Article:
LEXINGTON, Ky. (AP) - A new documentary explores the production of dark-fired tobacco by the farmers of Calloway County, who consider it an art form.
Western Kentucky's deep green crop is smoked in barns with wood-chip fires, unlike the burley produced in Central and Eastern Kentucky that is cured by summer heat.
And the dark-fired tobacco is used for snuff or chewing tobacco, not cigarettes.
Will Snell is a tobacco expert at the University of Kentucky. He told the Lexington Herald-Leader that unlike burley, dark-fired tobacco for smokeless products has been booming. The market for dark-fired tobacco has been growing about 4 percent to 6 percent a year for the past 25 years.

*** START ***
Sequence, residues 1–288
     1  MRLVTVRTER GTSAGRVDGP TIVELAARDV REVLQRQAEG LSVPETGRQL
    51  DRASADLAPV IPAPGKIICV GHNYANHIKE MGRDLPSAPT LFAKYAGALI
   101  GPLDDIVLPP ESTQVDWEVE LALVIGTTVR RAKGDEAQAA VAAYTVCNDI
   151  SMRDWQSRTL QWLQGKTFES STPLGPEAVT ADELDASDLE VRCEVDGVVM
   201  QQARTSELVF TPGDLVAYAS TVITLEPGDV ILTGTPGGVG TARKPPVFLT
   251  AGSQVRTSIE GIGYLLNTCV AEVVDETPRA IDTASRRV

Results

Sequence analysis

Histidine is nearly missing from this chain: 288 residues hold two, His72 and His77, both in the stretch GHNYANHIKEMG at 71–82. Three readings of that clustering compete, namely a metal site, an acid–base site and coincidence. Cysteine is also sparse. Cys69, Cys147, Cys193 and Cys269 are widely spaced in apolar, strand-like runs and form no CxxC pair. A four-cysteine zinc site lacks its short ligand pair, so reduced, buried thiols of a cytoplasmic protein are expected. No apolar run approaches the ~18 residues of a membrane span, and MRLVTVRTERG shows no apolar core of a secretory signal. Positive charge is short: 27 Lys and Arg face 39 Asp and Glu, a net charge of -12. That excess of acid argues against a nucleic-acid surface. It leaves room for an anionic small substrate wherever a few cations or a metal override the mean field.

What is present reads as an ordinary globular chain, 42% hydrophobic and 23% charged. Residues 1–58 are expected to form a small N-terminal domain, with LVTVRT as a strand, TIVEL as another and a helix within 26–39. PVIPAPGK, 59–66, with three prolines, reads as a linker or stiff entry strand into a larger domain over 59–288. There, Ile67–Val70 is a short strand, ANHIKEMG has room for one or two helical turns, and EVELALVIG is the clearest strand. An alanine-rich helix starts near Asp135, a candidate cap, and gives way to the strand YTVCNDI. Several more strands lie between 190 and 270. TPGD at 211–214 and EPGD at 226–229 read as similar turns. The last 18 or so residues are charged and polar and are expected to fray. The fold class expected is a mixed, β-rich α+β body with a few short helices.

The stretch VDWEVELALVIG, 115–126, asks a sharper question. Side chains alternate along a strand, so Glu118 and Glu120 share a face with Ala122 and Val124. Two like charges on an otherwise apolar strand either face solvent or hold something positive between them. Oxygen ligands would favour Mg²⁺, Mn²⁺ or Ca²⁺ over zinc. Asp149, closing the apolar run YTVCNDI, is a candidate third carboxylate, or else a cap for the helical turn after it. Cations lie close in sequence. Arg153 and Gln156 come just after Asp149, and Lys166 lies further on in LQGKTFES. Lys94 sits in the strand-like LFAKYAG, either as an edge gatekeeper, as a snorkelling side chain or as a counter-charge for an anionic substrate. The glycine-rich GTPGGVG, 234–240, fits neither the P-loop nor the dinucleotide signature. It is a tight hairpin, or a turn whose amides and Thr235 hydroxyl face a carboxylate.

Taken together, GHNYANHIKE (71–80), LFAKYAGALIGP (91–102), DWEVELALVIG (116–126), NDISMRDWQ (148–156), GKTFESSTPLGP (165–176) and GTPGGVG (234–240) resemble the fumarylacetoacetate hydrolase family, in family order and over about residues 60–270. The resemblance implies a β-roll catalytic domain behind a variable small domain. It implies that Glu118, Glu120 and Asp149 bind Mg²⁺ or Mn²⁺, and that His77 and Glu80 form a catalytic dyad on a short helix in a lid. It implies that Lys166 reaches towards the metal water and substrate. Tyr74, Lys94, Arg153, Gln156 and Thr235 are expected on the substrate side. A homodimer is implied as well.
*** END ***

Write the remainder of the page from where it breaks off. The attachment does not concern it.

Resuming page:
The film is called Farming in the Black Patch, and it debuts Monday on Kentucky Education Television.
Viewers with disabilities can get assistance accessing this station's FCC Public Inspection File by contacting the station with the information listed below. Questions or concerns relating to the accessibility of the FCC's online public file system should be directed to the FCC at 888-225-5322, 888-835-5322 (TTY), or email@example.com.